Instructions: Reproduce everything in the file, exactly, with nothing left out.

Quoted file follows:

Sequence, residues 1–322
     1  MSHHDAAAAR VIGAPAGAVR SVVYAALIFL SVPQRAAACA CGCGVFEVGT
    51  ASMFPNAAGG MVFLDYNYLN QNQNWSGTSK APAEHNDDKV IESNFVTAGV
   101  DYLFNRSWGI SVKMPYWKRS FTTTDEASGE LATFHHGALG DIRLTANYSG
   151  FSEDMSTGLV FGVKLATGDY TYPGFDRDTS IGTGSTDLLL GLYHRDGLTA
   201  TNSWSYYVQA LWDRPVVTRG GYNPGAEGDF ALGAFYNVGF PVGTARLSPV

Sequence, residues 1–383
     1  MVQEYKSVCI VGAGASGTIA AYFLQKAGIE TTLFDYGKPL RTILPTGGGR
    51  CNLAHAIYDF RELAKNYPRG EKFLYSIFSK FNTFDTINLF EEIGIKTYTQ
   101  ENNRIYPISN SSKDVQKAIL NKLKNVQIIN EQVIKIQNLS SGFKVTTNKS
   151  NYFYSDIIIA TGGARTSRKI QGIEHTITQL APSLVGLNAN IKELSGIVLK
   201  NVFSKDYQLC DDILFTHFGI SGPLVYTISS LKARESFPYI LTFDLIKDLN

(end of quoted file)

Sequence, residues 1–322
     1  MSHHDAAAAR VIGAPAGAVR SVVYAALIFL SVPQRAAACA CGCGVFEVGT
    51  ASMFPNAAGG MVFLDYNYLN QNQNWSGTSK APAEHNDDKV IESNFVTAGV
   101  DYLFNRSWGI SVKMPYWKRS FTTTDEASGE LATFHHGALG DIRLTANYSG
   151  FSEDMSTGLV FGVKLATGDY TYPGFDRDTS IGTGSTDLLL GLYHRDGLTA
   201  TNSWSYYVQA LWDRPVVTRG GYNPGAEGDF ALGAFYNVGF PVGTARLSPV

Sequence, residues 1–383
     1  MVQEYKSVCI VGAGASGTIA AYFLQKAGIE TTLFDYGKPL RTILPTGGGR
    51  CNLAHAIYDF RELAKNYPRG EKFLYSIFSK FNTFDTINLF EEIGIKTYTQ
   101  ENNRIYPISN SSKDVQKAIL NKLKNVQIIN EQVIKIQNLS SGFKVTTNKS
   151  NYFYSDIIIA TGGARTSRKI QGIEHTITQL APSLVGLNAN IKELSGIVLK
   201  NVFSKDYQLC DDILFTHFGI SGPLVYTISS LKARESFPYI LTFDLIKDLN